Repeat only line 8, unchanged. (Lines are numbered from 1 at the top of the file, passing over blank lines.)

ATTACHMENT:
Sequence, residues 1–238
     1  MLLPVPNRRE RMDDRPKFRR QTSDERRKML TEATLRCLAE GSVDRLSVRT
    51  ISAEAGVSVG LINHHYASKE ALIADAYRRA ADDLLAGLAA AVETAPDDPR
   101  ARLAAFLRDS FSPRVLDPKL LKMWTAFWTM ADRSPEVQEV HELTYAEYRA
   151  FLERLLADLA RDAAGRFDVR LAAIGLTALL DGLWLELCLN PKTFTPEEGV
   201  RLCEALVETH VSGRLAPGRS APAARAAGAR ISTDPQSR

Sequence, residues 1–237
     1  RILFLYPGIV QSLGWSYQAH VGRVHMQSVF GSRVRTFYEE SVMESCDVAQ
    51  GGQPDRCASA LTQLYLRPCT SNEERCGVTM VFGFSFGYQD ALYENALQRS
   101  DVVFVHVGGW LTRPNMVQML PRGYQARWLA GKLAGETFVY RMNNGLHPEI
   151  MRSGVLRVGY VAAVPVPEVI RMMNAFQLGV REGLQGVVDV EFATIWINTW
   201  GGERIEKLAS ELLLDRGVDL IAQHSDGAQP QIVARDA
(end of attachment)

     1  RILFLYPGIV QSLGWSYQAH VGRVHMQSVF GSRVRTFYEE SVMESCDVAQ